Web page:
145km (90 miles) S of San José; 32km (20 miles) SW of Palmar
While Drake Bay remains one of the more isolated spots in Costa Rica, the small town located at the mouth of the Río Agujitas has boomed a bit over the years. Most of that is due to the year-round operation of the small airstrip here, and the sometimes passable condition of the rough dirt road connecting Drake Bay to the coastal highway—just a decade or so ago there was no road, and the nearest regularly functioning airstrip was in Palmar Sur. That said, the village of Drake Bay is still tiny, and the lodges listed here remain quiet and remote getaways catering to naturalists, anglers, and scuba divers. Tucked away on the northern edge of the Osa Peninsula, Drake Bay is a great place to get away from it all.
The bay is named after Sir Francis Drake, who is believed to have anchored here in 1579. Emptying into a broad bay, the tiny Río Agujitas acts as a protected harbor for small boats and is a great place to do a bit of canoeing or swimming. Many of the local lodges dock their boats and many dolphin- and whale-watching tours leave from here. Stretching south from DrakeBay are miles of deserted beaches and dense primary tropical rainforest. Adventurous explorers will find tide pools, spring-fed rivers, waterfalls, forest trails, and some of the best bird-watching in all of Costa Rica. If a paradise such as this appeals to you, DrakeBay makes a good base for exploring the peninsula.
South of Drake Bay are the wilds of the Osa Peninsula, including Corcovado National Park. This is one of Costa Rica’s most beautiful regions, yet it’s also one of its least accessible. Corcovado National Park covers about half of the peninsula and contains the largest single expanse of virgin lowland rainforest in Central America. For this reason, Corcovado is well known among naturalists and researchers studying rainforest ecology. If you come here, you’ll learn firsthand why they call them rainforests: Some parts of the peninsula receive more than 635cm (250 in.) of rain per year.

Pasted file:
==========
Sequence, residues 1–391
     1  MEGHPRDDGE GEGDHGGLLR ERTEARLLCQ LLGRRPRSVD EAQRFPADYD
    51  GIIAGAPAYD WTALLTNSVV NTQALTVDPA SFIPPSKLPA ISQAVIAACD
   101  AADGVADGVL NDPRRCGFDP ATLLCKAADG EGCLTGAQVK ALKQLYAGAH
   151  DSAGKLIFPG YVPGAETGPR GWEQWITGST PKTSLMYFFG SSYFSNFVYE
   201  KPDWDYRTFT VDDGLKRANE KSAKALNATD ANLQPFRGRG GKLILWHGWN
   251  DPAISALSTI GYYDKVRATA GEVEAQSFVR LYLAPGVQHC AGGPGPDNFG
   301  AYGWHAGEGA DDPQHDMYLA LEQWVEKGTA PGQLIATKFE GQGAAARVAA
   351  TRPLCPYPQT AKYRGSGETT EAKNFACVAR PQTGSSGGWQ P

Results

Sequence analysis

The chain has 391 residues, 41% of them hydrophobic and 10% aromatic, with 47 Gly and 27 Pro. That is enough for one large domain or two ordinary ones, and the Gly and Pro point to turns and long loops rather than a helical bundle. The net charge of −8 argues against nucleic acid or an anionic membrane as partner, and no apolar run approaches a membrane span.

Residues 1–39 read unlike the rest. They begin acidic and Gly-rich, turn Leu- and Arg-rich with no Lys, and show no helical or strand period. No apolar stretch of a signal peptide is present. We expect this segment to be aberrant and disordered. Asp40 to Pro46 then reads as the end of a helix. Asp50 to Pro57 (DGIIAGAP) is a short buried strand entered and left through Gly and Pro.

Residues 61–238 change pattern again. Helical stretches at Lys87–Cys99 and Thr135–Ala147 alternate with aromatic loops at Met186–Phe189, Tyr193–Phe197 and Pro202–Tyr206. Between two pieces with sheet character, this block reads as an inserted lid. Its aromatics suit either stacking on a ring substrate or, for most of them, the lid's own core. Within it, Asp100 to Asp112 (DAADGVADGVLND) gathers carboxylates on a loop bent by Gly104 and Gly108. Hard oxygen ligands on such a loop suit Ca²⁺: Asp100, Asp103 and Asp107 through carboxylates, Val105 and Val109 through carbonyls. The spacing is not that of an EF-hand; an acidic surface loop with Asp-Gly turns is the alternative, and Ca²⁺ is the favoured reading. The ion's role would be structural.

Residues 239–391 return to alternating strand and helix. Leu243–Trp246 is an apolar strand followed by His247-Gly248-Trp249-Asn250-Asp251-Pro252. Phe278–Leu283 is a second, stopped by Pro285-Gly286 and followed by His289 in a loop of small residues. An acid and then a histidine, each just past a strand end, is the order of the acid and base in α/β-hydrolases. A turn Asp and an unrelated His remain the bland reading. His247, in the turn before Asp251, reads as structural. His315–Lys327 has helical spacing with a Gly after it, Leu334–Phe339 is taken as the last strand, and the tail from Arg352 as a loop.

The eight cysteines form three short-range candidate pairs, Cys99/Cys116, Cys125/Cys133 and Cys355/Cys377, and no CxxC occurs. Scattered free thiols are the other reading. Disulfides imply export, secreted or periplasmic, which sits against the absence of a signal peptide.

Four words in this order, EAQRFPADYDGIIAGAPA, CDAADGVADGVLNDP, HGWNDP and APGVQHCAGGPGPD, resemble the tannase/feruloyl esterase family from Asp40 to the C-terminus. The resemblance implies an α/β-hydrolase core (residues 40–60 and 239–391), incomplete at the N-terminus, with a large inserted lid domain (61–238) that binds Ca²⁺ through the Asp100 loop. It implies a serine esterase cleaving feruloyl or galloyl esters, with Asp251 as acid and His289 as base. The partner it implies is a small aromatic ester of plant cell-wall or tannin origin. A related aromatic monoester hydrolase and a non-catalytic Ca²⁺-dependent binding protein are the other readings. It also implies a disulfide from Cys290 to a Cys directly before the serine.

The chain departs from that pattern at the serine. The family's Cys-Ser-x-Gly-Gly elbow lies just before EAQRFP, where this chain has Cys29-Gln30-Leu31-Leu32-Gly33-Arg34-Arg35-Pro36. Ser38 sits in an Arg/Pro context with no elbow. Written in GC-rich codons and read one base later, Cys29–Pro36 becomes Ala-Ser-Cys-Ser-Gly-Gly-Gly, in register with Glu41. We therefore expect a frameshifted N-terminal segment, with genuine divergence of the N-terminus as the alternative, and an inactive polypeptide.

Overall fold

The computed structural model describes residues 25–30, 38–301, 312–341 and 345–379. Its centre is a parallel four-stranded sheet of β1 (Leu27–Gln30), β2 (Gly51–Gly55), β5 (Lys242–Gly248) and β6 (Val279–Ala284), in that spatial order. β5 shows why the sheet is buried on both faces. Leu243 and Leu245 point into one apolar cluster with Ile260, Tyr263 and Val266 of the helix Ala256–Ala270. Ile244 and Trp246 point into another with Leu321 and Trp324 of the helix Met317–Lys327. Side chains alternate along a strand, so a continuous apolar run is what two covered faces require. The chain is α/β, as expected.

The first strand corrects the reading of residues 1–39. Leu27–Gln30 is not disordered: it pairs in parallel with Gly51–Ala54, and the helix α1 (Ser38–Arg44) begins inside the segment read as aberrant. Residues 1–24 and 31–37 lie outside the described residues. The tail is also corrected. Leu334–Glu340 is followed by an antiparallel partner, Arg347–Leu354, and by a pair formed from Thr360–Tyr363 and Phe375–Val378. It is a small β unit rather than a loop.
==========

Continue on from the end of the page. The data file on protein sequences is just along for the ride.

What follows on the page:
Puerto Jiménez is the best base if you want to spend a lot of time hiking in and camping inside Corcovado National Park. Drake Bay is primarily a collection of mostly high-end hotels, very isolated and mostly accessible only by boat. Travelers using these hotels can have great day hikes and guided tours into Corcovado Park, but Puerto Jiménez is the place if you want to have more time in the park or to explore independently. (It has budget hotels, the parks office, and “taxi/bus” service to Carate and Los Patos, from which visitors can hike into the various stations.) From the Drake Bay side, you’re much more dependent on a boat ride/organized tour from one of the lodges to explore the park; these lodges offer many other guided outings in addition to visits to the park.